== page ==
Transnational Feminism and Norm Diffusion in Peace Processes: The Cases of Burundi and Northern Ireland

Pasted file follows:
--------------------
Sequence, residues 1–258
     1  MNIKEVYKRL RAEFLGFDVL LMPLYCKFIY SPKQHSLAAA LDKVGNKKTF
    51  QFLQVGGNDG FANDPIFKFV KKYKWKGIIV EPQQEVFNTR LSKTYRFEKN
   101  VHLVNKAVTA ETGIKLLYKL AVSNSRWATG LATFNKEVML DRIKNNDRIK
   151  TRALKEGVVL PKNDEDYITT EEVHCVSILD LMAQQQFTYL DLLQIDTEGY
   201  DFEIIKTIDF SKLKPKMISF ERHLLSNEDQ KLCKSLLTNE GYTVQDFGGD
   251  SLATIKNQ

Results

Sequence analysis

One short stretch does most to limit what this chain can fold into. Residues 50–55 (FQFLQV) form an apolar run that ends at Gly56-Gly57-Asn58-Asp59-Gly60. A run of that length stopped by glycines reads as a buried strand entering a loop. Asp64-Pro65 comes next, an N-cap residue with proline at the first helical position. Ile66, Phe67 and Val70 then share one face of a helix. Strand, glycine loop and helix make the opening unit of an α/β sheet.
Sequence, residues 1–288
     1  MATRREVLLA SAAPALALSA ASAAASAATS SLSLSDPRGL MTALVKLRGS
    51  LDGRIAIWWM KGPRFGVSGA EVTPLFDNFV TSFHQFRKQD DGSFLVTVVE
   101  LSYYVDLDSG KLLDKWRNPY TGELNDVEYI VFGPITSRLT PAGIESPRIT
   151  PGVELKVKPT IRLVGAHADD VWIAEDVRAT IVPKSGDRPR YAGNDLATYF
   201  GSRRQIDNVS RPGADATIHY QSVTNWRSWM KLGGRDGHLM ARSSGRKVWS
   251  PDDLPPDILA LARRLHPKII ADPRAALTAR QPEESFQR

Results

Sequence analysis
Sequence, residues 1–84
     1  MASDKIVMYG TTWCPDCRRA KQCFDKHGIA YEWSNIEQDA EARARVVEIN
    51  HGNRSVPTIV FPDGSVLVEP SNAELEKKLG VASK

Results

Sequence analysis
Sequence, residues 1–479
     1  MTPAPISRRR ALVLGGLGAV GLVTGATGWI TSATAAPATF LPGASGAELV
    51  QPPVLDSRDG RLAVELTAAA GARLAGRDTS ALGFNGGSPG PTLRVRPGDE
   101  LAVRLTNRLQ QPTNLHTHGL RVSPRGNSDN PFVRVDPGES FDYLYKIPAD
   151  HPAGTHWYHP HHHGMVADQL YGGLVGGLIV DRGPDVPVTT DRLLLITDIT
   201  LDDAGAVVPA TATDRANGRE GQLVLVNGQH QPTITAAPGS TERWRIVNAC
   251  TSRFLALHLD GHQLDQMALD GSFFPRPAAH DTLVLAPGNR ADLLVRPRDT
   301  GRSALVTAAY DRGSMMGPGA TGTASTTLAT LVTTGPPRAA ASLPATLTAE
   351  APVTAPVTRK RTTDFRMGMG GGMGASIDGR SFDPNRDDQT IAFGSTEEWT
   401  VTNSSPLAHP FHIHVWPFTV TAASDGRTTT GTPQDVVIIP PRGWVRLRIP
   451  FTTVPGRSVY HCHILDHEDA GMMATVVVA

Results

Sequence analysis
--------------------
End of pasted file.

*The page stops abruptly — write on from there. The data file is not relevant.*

This essay offers an explanation for how and why women’s rights are included in contemporary peace agreements. I identify six causal mechanisms by which women secured participation and women’s rights in the peace processes of Burundi (1998–2000) and Northern Ireland (1996–98). First, violent conflict and peace talks produce the conditions of ‘grievance’ and ‘optimism’ necessary for social movement mobilization. Second, women use ‘procedural grafting’ to demand inclusion in peace processes. Third, they use ‘strategic essentialism’ to overcome the ethno-political divisions of the conflict. Fourth, women call upon relevant practices used in peace processes of the Global South. Fifth, high-level actors may influence peace processes to further international objectives. Sixth, women’s involvement with transnational feminist networks facilitates the reproduction of international human rights language.